Posts Tagged trunk restraint

[ARTICLE] Upper Extremity Functional Outcomes With and Without Trunk Restraint in Stroke Patients – Full Text PDF

Abstract

Background and Purpose: Task-specific training improves functional outcomes after stroke. However, gains may be accompanied by increases in movements compensating for motor impairments. This study hypothesized that restriction of compensatory trunk movements may encourage recovery of premorbid movement patterns leading to better functional outcomes. The goal of this study was to determine whether task-specific training with trunk restraint produces greater improvements in upper extremity function than training without trunk restraint in post-stroke patients.

Patients and Methods: Thirty male chronic stroke patients with age ranged between 40-55 years were included in this study. Patients were divided into two equal groups (Group I and Group II). The first group (Group I) received reach to grasp and transfer blocks and pins using Box and Block Test (BBT) and Purdue Pegboard training during which compensatory movement of the trunk was prevented by trunk restraint. The second group (Group II) practiced the same task without trunk restraint. Motor function of the upper limb and gross manual dexterity were recorded using Upper Extremity Performance Test (TEMPA) and BBT respectively.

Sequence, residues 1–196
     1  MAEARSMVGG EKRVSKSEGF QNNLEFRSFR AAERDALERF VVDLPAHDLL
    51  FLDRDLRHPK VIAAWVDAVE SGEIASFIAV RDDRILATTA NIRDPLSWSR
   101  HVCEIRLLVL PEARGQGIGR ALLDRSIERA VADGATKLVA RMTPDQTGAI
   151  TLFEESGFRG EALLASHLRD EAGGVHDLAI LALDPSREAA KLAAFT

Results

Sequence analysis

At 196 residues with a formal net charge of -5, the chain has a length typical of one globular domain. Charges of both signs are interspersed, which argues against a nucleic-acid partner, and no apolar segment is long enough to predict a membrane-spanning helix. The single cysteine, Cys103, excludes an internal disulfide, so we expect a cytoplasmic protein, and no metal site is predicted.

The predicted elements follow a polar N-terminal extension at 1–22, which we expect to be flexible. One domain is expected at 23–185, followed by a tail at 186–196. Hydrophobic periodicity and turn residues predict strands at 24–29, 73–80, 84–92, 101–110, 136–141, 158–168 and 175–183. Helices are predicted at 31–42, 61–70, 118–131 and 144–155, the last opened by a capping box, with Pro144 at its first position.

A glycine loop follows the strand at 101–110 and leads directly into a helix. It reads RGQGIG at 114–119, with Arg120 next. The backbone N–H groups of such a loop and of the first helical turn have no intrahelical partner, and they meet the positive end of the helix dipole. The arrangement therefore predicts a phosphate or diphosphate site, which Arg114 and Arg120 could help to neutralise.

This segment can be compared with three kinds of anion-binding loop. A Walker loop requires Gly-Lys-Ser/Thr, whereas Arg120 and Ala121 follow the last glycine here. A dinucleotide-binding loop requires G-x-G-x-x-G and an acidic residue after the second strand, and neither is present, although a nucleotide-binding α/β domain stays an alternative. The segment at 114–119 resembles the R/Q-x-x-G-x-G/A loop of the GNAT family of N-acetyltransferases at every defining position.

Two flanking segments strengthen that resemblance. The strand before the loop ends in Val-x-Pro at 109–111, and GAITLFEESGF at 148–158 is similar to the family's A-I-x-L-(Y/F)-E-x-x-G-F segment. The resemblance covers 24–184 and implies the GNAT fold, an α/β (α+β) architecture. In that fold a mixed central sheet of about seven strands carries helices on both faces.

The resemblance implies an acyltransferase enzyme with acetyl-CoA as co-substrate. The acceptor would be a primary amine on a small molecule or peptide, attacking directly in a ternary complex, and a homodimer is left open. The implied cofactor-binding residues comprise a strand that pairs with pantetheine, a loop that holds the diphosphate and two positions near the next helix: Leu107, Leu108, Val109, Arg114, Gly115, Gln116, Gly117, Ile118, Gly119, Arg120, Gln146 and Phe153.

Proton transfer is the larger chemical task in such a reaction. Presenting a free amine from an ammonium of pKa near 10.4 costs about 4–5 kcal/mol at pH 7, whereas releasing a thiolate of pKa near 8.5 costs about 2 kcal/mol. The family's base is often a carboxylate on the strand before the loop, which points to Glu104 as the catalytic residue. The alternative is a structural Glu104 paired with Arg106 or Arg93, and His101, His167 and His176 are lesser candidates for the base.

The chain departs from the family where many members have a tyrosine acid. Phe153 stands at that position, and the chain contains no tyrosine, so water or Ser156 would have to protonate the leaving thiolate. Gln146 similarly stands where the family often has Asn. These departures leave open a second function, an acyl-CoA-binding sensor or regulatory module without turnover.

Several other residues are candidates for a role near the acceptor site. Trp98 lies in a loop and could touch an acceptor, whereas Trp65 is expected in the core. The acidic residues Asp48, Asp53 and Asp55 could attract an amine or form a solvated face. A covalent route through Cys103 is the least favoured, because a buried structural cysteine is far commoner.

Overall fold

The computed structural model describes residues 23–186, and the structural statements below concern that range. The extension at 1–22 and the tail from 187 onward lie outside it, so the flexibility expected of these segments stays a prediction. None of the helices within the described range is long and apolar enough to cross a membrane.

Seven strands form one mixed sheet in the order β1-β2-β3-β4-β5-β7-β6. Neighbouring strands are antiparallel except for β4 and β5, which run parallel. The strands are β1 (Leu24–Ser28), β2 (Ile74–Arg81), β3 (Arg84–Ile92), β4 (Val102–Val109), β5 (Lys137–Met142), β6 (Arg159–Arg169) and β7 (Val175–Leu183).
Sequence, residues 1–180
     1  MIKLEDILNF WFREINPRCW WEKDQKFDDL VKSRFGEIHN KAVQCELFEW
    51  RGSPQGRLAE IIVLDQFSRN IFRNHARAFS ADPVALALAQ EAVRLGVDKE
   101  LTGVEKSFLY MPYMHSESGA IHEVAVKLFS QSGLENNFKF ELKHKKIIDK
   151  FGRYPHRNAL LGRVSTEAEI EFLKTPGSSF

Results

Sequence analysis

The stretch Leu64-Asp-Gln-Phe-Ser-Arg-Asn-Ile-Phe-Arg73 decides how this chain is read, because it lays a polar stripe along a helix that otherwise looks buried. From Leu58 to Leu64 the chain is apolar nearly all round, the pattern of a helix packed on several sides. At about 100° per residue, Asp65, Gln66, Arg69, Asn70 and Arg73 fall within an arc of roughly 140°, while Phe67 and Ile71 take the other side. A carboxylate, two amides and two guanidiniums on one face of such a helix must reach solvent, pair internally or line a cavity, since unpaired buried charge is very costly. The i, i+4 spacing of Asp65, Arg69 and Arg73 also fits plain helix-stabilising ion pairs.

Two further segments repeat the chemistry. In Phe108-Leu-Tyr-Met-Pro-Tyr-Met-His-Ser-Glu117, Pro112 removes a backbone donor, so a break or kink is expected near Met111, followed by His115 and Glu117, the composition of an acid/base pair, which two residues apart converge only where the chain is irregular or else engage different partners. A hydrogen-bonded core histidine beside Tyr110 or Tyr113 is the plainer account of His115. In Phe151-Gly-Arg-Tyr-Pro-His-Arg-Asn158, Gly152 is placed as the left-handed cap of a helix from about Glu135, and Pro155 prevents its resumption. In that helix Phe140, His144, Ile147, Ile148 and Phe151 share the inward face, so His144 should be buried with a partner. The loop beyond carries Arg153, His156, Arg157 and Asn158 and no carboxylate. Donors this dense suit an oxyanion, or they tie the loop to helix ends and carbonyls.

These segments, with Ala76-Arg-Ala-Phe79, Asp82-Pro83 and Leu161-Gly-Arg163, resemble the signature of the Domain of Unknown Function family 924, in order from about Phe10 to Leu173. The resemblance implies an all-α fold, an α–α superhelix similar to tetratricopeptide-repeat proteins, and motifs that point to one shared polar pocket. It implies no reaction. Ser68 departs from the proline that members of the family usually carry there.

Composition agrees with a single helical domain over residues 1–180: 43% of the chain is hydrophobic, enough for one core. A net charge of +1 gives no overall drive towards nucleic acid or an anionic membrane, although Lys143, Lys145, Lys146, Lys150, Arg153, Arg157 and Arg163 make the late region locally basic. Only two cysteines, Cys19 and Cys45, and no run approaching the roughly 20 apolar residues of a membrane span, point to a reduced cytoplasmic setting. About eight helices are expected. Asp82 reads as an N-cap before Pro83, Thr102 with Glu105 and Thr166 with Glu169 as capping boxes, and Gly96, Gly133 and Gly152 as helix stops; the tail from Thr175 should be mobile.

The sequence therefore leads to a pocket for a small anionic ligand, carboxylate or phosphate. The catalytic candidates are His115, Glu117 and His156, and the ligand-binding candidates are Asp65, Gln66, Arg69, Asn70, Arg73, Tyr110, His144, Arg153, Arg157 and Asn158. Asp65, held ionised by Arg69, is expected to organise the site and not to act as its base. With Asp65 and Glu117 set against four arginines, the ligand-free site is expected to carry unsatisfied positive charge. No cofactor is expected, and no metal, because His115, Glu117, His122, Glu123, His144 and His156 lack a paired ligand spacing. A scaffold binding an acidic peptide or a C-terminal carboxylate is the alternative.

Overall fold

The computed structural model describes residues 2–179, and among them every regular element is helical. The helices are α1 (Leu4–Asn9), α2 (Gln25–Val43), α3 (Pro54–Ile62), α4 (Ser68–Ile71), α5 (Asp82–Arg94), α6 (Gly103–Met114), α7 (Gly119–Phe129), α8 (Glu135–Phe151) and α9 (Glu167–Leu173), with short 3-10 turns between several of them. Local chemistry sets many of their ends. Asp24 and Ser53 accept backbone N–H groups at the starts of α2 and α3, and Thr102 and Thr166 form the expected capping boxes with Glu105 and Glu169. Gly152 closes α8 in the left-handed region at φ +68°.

Results: There was a statistically very highly significant increase and highly significant increase of the mean value of the TEMPA score of the affected upper limb post treatment in both groups (p=0.0001 in GI and p=0.001 in GII). Also, there was a statistically very highly significant increase in BBT score post treatment in both groups (p=0.0001). Trunkrestraint group had statistically non significant greater improvement in motor function as compared to group without trunk restraint (p=0.057) but trunk-restraint group had a statistically very highly significant improvement of gross manual dexterity as compared to group without trunk restraint (p=0.0001).

Conclusion: Task-specific training with trunk restraint can be suggested as an effective method in improving upper extremity function in patients with impaired arm and hand function post stroke.

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[ARTICLE] The effects of modified constraint-induced movement therapy combined with trunk restraint in subacute stroke: a double-blinded randomized controlled trial

…These results suggest that mCIMT combined with trunk restraint is more helpful to improve upper-extremity function than mCIMT only in subacute stroke patients with moderate motor impairment…

via The effects of modified constraint-induced movement therapy combined with trunk restraint in subacute stroke: a double-blinded randomized controlled trial.

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